Liberia: LNBA’s Pro Bono Services Suffer Setback

Cllr. Sylvester Dorbor Rennie, President of the Liberia National Bar Association.

The Liberia National Bar Association has begun to struggle to operate its pro bono legal services nearly a year after the USAID withdrew its funding.

The LNBA, during the heyday of the legal aid clinic, had it operational in five out of the country's fifteen counties, but now only three are in existence and also struggling to survive. The clinic, which was funded under the USAID Legal Professional Development and Anti-Corruption Program, assisted the LNBA to push for the release of hundreds of pre-trial detainees, mediated cases to find out of court settlement, and in some instances, litigated cases.

But in the absence of the USAID funds, the LNBA is struggling to maintain three of the five legal clinics in Montserrado, Grand Bassa, and Margibi Counties while shutting down the Bomi and Bong counties clinic. 

“There is no money to fund the clinics in those three counties. But, we are trying with limited funding to sustain them,” sources within the LNBA  said. “We are also finding it difficult to pay the caseworkers and to run the offices of those three counties.”

They added that the provision of pro bono legal services to the indigent population is crucial to avoid having defendants sitting in pretrial detention for extended periods without trial, as well as suffering a greater injustice than the state has alleged they committed themselves. 

“Through this support, the Bar through the Legal Aid Program was able to provide pro bono legal services for so many Liberians who can not afford to hire a lawyer, but with the difficulty in obtaining funding, I am afraid that pretrial detention will soon be on the rise," sources added.

Meanwhile, the coordinator of the Grand Bassa County legal aid clinic has disclosed that the project is experiencing serious financial constraints in the absence of USAID funding.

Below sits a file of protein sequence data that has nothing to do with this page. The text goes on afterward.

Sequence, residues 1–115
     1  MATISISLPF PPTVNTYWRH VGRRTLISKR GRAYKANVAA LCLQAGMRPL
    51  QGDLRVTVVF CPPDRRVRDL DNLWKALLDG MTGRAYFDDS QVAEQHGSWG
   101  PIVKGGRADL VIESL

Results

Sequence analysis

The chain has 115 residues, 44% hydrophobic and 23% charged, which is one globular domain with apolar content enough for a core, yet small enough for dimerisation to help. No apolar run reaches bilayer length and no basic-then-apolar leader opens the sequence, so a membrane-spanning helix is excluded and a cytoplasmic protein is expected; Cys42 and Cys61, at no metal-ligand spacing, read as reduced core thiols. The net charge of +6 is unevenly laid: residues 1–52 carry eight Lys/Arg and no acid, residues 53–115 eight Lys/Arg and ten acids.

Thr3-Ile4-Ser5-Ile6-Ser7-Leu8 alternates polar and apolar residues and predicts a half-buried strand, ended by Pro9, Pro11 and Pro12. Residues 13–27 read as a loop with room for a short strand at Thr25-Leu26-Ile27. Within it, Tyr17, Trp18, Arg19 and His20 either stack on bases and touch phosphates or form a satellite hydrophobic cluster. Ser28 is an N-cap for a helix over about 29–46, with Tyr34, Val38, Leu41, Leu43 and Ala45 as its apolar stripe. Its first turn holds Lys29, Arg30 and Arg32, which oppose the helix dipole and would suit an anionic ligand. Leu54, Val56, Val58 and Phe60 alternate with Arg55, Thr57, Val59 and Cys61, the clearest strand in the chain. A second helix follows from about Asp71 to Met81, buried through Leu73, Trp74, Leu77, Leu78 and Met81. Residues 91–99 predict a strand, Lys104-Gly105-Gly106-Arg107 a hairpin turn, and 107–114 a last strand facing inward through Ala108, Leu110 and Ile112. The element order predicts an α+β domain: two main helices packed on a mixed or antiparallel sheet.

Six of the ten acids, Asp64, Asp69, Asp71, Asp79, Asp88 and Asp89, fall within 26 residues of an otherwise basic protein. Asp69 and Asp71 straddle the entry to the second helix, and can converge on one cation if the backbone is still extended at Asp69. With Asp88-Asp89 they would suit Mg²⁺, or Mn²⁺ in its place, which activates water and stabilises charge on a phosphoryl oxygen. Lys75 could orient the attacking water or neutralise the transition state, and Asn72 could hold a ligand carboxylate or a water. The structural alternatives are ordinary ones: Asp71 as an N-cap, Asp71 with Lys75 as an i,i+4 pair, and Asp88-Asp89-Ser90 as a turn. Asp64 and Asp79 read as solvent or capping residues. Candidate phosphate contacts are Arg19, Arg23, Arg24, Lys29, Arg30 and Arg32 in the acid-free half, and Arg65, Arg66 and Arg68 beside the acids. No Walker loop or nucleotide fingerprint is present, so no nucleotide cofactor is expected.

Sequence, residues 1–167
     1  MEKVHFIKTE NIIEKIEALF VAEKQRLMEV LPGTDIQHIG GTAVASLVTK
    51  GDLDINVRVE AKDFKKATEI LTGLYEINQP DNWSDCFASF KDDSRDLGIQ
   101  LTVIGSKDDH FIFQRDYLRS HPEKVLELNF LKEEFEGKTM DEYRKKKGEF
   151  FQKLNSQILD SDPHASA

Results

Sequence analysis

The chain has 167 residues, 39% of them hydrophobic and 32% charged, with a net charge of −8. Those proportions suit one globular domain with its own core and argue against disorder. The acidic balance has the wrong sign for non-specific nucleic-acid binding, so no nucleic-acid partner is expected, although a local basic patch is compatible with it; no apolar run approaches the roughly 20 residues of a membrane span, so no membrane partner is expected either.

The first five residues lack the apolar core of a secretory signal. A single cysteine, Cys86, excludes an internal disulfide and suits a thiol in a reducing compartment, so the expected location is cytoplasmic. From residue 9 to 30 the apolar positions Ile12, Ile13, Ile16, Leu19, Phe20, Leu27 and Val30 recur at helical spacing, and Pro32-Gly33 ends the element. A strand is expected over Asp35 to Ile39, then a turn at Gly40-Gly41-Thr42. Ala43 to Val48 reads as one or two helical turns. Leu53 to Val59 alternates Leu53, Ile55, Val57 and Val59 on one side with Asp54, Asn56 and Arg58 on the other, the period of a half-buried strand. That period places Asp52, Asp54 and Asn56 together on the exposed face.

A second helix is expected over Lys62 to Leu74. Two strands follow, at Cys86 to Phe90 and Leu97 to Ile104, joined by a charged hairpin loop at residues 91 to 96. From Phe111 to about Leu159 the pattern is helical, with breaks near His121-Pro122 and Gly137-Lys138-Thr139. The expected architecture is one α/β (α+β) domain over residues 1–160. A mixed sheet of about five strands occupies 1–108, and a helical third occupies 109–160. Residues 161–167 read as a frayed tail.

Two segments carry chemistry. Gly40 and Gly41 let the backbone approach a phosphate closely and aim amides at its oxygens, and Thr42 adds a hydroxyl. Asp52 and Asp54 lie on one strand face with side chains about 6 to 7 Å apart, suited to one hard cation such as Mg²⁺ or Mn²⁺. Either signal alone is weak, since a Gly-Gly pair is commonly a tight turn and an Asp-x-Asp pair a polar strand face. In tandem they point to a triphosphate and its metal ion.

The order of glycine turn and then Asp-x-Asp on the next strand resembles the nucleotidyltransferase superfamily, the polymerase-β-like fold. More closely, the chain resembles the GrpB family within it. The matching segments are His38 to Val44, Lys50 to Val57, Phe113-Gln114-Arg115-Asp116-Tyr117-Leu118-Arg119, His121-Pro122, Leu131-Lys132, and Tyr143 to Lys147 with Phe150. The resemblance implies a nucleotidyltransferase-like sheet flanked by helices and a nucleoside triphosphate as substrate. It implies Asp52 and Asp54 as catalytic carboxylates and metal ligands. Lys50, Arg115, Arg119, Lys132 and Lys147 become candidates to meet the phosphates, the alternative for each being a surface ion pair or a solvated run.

“The clinic is but it is dying slowly. Things are not moving as expected, however, we still have some pro bono lawyers and caseworkers that are continuing to perform the tasks assigned to them by the LNBA,” noted Presley Keh of Grand Bassa clinic. “We need rescue or the project will soon collapse.”

Since 2017, USAID-LPAC has provided for the maintenance and salaries of all the caseworkers at the five clinics, transportation for pro bono lawyers, transportation and accommodation for intern scholars (in 2019 and 2020), and also capacity building training for caseworkers and pro bono lawyers.

But now that the fund is gone, the LNBA is struggling to keep the program, which came into existence in 2017 for the sole purpose of enabling indigent people to access justice through pro bono legal representations.

Other goals were the provision of legal representation for pretrial detainees, covering family law, domestic violence law, land-related matters, landlord and tenants’ disputes mediation, and litigation. It also called for the LNBA to provide legal advice for citizens who do not understand the laws of Liberia by telling them what their rights and responsibilities are, and what to do when they come in conflict with the law or when their rights are violated.

It can be recalled that Cllr. Joyce Reeves Woods, Chair of the LNBA Legal Aid Committee (LNBA-LAC), at one of her interviews, made an open call for support to or partner with the LNBA to continue and even expand the legal aid clinics to other counties.

Cllr. Woods then added that because the clinic has strived to deliver citizens’ access to justice through its Legal Aid Program. She then lamented that such support is even critical now, given the success story, the impact made, and the level of awareness already created in the first five counties where the clinics were operational. 

“...Most of Liberia’s prison population are pre-trial detainees accused of non-violent criminal offenses who, once confined, frequently remain behind bars well beyond the statutory period allowed under Liberian law," Cllr. Woods added.

Cllr. Woods, likewise, used the occasion, at the time, to inform the US government about the overcrowdedness of prisons mostly with pre-trial detainees, and then, stressed the need for continuation as USAID-LPAC leaves. adding that the prisons are still overcrowded with mostly pre-trial detainees…“

The LNBA is an umbrella organization responsible for serving and regulating the practice of all legal practitioners in Liberia.